Yes I went to the Sundance Film Festival on 4 different days, it was very nice, and very crowded. In Park City we have one original theater, The Egyptian. The rest of the theaters are all newer venues. Next year we are going to pre-buy tickets, which is the best thing to do if you want to see any of the films.

If you plan to fly here, it is best to get all reservations once the dates have been announced. Flights, hotels, and cars are very expensive. Park City is about 45 minutes from SLC. I advice to shop around as prices get insane during this time. Normal hotel rates of $50 per day, can be as high as $550, and we are not talking 5 star hotels, or first class flights! So, plan early.

Al Alvarez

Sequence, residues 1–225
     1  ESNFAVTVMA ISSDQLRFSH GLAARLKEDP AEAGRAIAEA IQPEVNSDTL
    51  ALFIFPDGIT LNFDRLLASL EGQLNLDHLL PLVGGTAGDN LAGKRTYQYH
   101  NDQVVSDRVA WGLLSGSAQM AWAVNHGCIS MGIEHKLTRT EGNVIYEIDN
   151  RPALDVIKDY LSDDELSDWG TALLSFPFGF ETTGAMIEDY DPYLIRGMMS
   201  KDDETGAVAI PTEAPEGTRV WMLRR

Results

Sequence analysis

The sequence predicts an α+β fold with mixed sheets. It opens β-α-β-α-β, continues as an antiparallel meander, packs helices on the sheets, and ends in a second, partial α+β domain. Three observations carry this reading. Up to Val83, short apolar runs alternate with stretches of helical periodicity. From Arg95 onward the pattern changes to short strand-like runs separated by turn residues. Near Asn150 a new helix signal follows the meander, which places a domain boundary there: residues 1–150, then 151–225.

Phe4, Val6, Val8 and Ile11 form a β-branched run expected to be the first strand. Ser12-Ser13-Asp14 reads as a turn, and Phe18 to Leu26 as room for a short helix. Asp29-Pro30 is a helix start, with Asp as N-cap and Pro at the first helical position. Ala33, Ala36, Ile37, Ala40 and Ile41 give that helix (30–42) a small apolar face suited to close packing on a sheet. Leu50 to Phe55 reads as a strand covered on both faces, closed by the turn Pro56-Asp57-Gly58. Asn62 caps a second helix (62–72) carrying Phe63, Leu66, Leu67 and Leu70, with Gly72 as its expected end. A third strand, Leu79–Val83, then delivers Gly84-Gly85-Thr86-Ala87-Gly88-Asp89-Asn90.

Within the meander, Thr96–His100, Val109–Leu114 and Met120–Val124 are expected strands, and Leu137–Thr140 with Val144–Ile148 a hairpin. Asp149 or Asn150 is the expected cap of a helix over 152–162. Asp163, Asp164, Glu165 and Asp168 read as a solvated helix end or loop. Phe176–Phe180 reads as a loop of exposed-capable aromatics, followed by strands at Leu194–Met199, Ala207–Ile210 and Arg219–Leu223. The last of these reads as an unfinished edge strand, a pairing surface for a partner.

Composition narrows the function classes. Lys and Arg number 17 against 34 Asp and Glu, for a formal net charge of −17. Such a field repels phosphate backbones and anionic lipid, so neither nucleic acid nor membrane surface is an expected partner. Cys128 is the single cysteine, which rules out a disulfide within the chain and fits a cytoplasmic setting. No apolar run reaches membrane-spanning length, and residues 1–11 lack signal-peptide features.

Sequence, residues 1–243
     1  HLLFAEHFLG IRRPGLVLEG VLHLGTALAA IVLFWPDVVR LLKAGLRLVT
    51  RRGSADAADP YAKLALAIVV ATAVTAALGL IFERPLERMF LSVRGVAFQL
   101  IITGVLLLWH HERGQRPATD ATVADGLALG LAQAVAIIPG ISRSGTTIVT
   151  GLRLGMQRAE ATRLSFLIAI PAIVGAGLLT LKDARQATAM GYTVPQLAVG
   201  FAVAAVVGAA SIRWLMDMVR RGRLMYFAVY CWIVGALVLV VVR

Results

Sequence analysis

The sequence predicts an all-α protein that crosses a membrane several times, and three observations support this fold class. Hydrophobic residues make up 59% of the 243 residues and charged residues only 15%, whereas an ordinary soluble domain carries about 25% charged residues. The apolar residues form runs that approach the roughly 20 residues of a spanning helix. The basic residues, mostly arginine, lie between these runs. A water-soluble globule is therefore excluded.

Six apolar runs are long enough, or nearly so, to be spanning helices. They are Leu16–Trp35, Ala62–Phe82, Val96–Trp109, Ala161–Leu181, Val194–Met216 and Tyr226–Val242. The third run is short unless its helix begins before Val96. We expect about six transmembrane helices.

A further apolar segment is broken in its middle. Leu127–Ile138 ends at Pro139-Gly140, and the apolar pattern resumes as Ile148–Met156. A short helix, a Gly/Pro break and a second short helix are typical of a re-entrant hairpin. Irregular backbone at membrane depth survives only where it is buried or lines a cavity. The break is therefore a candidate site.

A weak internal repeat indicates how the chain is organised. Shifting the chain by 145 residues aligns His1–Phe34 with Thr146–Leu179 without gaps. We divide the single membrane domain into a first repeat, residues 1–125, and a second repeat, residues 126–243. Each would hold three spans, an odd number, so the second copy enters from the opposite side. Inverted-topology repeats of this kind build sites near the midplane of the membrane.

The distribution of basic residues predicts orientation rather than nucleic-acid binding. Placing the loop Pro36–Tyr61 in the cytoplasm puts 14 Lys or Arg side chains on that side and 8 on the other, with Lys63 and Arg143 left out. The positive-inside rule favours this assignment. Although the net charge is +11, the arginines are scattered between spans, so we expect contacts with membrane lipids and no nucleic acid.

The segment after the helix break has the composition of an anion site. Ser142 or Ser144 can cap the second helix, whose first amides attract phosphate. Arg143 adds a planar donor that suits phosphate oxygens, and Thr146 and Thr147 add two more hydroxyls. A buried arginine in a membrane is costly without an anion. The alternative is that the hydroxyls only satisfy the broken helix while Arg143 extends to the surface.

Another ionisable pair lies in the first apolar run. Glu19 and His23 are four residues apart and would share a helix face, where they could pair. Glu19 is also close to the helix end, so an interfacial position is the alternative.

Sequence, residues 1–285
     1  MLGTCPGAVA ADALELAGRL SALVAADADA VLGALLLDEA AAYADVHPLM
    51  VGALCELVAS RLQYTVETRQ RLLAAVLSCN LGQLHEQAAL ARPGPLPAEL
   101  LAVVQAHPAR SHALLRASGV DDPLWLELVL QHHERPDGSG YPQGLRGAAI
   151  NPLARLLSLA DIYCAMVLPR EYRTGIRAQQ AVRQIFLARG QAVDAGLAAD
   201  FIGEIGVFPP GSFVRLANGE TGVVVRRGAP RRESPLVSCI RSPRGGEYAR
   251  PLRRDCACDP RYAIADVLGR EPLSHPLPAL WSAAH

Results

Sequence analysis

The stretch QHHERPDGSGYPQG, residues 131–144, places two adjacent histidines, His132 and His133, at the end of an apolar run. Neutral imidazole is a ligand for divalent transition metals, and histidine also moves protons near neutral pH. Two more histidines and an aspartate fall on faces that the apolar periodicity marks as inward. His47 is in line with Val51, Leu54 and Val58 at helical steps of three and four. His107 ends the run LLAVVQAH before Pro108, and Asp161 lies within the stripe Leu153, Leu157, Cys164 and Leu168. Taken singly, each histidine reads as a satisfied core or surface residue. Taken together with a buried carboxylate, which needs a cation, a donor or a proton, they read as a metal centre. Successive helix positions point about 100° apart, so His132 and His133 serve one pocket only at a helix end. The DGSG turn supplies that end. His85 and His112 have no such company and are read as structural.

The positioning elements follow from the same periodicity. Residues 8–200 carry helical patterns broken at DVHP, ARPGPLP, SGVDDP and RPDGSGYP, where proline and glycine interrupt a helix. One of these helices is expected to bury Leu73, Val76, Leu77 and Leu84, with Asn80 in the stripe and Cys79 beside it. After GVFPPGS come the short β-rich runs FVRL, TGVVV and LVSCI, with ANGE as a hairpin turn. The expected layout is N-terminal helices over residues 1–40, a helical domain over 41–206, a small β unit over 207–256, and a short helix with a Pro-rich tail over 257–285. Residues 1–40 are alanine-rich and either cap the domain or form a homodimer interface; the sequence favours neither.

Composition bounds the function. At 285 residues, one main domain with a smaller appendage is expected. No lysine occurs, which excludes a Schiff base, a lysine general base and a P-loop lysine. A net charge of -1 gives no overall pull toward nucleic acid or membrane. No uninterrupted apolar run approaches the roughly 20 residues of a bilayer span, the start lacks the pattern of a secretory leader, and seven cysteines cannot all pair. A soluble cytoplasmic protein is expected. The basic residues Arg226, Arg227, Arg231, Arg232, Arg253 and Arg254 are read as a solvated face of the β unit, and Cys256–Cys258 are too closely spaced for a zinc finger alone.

Al Alvarez on March 2, 2017 at 12:53 pm

David, I stumbled onto the Pasta Attic listing while looking at some old movie time clocks and jotted down the year. I couldn’t find it in other years.

I believe the item about the old Hippodrome (pre-1913)being on the Olympia location came from a Miami Herald article when the Olympia building was almost torn down. That Hippodrome became the Airdome (1915),Colonial (1916) and Airdrome (1917-1926) before being torn down for the Olympia.

David_Schneider
David_Schneider on March 3, 2017 at 11:02 am

Thanks Louis. I may go to Sundance sometime. Also I kinda liked Salt Lake City when I visited in August of 2012.

Al, if I can’t find a ‘97 time clock to look at I may ask you for a photo of one listing Pasta Attic. :) (Back then I was going to check the place out, then it disappeared.) If it was mostly a restaurant, it probably doesn’t “qualify” for a Cinema Treasures page.